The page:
[3] It is not in dispute that the charge against the appellant was only of sub-standardization of goods. Mr.Sushil Kumar Jain, learned senior counsel appearing for the appellant, submits that though the appellant has some prima facie case even on merits, he would be giving up the plea on merits and his only submission is about the sentence which has been imposed by the courts below. He has, in this behalf, argued that there has been an amendment in the Act by the Central Amendment Act 34 of 1976 whereby Section 16A was added and under the said section, only a fine is leviable. He has drawn our attention to the judgment of this Court in 'T. Barai v. Henry Ah Hoe and Another, 1983 1 SCC 177' wherein this Court held that since the amendment was beneficial to the accused persons, it can be applied even with respect to earlier cases as well which are pending in the Court. In the said judgment, the Court held as under:

"22. It is only retroactive criminal legislation that is prohibited under Article 20(1). The prohibition contained in Article 20(1) is that no person shall be convicted of any offence except for violation of a law in force at the time of the commission of the act charged as an offence prohibits nor shall he be subjected to a penalty greater than that which might have been inflicted under the law in force at the time of the commission of the offence. It is quite clear that insofar as the Central Amendment Act creates new offences or enhances punishment for a particular type of offence no person can be convicted by such ex post facto law nor can the enhanced punishment prescribed by the amendment be applicable. But insofar as the Central Amendment Act reduces the punishment for an offence punishable under Section 16(1)(a) of the Act, there is no reason why the accused should not have the benefit of such reduced punishment. The rule of beneficial construction requires that even ex post facto law of such a type should be applied to mitigate the rigour of the law. The principle is based both on sound reason and common sense. This finds support in the following passage from Craies on Statute Law, 7th Edn., at pp. 388-89:

A retrospective statute is different from an ex post facto statute. "Every ex post facto law...." said Chase, J., in the American case of Calder v. Bull "must necessarily be retrospective, but every retrospective law is not an ex post facto law. Every law that takes away or impairs rights vested agreeably to existing laws is retrospective, and is generally unjust and may be oppressive; it is a good general rule that a law should have no retrospect, but in cases in which the laws may justly and for the benefit of the community and also of individuals relate to a time antecedent to their commencement: as statutes of oblivion or of pardon. They are certainly retrospective, and literally both concerning and after the facts committed. But I do not consider any law ex post facto within the prohibition that mollifies the rigour of the criminal law, but only those that create or aggravate the crime, or increase the punishment or change the rules of evidence for the purpose of conviction.... There is a great and apparent difference between making an unlawful act lawful and the making an innocent action criminal and punishing it as a crime."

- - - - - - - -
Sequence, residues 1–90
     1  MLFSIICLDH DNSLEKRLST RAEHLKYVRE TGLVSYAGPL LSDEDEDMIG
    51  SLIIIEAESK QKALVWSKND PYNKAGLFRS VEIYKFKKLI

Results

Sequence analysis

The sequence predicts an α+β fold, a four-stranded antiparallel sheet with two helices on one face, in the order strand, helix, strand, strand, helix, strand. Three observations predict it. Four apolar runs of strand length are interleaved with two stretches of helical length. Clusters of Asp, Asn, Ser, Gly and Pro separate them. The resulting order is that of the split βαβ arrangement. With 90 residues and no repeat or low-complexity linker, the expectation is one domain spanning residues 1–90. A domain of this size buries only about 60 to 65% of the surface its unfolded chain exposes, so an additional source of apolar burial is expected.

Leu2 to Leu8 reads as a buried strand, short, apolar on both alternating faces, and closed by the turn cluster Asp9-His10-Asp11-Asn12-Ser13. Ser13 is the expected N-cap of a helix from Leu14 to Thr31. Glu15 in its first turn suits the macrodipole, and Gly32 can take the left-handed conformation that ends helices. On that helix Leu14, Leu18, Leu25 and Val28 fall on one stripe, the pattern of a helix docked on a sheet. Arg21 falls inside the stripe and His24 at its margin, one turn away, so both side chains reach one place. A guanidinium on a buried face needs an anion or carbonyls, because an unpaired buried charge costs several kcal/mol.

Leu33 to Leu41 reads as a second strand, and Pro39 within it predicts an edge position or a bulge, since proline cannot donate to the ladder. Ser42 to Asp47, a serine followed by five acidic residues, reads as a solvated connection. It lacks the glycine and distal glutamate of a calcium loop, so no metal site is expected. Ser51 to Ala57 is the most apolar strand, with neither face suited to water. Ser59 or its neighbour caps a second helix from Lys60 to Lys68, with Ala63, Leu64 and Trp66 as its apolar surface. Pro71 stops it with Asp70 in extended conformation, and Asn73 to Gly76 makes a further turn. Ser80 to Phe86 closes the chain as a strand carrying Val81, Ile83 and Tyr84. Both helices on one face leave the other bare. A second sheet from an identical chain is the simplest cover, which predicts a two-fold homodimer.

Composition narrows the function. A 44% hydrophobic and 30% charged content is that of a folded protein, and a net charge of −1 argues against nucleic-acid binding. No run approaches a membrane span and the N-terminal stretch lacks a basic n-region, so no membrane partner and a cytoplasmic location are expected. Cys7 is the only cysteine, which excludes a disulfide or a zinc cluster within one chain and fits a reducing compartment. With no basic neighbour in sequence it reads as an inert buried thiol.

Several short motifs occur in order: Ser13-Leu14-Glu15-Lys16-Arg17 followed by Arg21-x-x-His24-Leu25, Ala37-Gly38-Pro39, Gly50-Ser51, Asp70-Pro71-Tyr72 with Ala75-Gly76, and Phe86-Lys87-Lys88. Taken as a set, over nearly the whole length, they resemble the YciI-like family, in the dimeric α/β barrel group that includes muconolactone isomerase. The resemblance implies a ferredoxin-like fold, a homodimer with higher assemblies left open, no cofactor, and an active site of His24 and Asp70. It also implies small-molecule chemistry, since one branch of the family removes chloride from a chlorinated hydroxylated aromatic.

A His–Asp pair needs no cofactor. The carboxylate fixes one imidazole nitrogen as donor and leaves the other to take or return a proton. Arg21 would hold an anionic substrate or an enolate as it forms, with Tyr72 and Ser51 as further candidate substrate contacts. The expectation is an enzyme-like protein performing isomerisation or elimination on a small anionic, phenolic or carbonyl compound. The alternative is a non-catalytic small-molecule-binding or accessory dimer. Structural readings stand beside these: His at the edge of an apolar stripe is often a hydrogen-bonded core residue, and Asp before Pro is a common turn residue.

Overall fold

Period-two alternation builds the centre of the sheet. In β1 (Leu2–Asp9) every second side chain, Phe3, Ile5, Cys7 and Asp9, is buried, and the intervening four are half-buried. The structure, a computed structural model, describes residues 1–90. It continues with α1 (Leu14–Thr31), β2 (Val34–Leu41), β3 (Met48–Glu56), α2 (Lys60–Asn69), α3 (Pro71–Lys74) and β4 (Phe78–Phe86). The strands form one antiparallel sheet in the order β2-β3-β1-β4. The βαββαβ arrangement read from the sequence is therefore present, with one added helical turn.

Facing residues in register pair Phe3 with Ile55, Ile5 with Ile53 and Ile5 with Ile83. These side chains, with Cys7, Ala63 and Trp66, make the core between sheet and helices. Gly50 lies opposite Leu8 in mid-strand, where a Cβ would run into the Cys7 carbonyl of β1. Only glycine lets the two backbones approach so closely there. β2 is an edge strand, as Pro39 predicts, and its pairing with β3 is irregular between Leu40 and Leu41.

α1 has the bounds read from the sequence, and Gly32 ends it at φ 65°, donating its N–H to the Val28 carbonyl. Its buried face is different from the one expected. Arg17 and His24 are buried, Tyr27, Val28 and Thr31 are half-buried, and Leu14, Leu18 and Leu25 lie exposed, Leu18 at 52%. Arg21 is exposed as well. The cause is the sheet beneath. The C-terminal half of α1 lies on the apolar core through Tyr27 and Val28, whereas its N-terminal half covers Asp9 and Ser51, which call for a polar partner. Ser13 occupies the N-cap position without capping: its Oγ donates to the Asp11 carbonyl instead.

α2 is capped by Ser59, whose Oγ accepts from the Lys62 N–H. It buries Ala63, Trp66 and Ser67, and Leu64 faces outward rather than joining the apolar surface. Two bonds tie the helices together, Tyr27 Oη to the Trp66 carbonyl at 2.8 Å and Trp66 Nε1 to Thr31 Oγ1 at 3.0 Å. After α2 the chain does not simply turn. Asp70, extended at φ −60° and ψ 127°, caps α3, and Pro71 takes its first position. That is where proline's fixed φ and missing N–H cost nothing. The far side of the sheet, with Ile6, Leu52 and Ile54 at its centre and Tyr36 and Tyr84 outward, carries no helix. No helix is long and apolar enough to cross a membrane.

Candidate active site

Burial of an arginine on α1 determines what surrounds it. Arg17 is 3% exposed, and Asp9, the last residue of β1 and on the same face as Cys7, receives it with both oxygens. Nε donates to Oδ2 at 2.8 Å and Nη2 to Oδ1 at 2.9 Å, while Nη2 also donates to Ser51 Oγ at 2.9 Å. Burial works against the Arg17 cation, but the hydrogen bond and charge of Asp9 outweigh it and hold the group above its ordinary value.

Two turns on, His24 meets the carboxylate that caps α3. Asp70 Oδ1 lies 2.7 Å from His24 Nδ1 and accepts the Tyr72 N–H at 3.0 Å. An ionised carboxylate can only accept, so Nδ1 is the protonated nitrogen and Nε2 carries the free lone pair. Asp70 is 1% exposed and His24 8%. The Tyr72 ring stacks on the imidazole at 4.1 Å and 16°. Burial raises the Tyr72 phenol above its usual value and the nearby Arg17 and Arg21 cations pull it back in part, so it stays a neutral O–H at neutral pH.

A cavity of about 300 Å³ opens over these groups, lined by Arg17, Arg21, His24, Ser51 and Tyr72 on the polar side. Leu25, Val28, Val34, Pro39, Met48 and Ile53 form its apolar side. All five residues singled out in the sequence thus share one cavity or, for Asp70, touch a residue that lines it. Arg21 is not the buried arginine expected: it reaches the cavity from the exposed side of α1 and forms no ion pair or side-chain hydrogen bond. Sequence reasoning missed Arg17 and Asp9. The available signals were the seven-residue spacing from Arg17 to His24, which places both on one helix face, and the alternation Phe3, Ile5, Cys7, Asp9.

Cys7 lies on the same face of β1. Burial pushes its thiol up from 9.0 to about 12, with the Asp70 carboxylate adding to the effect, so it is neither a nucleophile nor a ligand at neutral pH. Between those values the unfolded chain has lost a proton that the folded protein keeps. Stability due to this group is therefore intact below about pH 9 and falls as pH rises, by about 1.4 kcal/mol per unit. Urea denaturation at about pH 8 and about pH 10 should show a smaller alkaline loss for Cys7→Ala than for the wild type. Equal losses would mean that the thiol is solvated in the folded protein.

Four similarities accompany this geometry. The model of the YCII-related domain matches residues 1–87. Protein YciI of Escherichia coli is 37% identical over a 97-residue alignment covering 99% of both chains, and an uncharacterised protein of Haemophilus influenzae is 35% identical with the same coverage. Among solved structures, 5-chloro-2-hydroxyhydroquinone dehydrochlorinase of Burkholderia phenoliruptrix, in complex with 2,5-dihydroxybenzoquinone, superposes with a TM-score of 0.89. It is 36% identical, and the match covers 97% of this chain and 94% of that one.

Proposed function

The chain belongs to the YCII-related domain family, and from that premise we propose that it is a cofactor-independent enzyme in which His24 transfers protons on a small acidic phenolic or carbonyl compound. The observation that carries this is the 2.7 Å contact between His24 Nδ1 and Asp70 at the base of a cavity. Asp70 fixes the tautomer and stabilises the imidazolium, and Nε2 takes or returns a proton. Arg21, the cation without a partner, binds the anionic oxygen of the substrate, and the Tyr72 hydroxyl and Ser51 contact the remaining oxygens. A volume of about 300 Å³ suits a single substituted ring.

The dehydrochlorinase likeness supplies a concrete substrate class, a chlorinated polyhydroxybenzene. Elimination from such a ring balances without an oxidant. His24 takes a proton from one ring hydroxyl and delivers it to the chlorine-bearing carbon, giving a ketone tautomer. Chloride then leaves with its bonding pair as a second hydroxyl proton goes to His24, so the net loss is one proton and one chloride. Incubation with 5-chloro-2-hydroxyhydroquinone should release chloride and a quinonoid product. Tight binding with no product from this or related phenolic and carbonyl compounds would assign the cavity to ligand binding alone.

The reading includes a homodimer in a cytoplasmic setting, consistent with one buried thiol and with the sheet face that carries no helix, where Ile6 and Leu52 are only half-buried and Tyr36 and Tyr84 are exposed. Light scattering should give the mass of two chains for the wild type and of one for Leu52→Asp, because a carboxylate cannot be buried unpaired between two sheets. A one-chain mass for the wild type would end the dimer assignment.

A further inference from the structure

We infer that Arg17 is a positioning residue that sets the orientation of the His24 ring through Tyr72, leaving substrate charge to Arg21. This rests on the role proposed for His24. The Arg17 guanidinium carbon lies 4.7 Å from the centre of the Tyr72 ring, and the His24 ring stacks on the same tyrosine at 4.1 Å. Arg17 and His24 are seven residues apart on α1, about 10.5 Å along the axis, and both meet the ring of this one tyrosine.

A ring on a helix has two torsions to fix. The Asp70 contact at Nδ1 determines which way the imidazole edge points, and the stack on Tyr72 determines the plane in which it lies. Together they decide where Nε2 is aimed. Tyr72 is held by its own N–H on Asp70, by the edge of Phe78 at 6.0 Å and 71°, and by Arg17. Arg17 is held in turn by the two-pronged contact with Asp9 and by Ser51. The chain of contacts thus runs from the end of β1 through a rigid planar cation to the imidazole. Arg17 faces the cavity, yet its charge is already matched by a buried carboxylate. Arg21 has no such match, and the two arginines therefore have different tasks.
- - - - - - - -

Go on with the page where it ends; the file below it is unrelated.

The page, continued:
[4] From the facts of the present case, we have no doubt in mind that the aforesaid judgment squarely applies thereon. This appeal is, therefore, partly allowed and the sentence imposed upon the appellant is modified by imposing fine of Rs. 50,000/- which shall be deposited within two months with the trial court. On deposit of the aforesaid amount, the bail bonds furnished by the appellant shall be discharged.”

23. Similar stand was taken by the Hon’ble High Court of Gujarat at Ahmadabad in case PepsiCo India Holdings Pvt. Ltd. Vs UOI R/Special Criminal Application No.2281 of 2008 and also the Hon’ble High Court of Rajasthan in Ramkishan Agarwal Versus State of Rajasthan through PP S.B. Criminal Miscellaneous (Petition) No.2223 of 2013 and connected matters.

24. The judgment passed by the Hon’ble Supreme Cou

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rt in Nemi Chand’s case (supra) applies to the present case on all fours. The trial for misbranding is continuing from 31st December 2003. The original company M/s Aradhana Soft Drinks Company Limited, stands amalgamated with M/s PepsiCo India Holdings Private Limited. The concerned Officers and the Directors of erstwhile M/s Aradhana Soft Drinks Company Limited would not have any excess to its record, which would seriously prejudice them at this belated stage. The accused were not responsible for delaying the trial. In the entirety of the facts and circumstances of the case, it is a fit case where a petition can be allowed, and the complaint and all consequential proceedings are required to be quashed. 25. Since, the original accused had filed application under Section 20-A of PFA Act to implead the person, from whom they had purchased the stock, eventually pushing down the responsibility to the manufacturer, therefore, there would be no justification to continue proceedings even against them. The silence of manufacturer about the product being spurious and absence of any allegation that the company was not a manufacturer would also be valid reasons to terminate prosecution of the retailers, suppliers and the dealers. Given above, the complaint and proceedings deserve to be quashed in entirety. 26. Given above, the instant petition is allowed, and the complaint and all the consequential proceedings are quashed and set aside. The bail bonds are accordingly discharged. All pending application(s), if any, stand closed. In the facts and circumstances peculiar to this case, the petition is allowed in the aforementioned terms.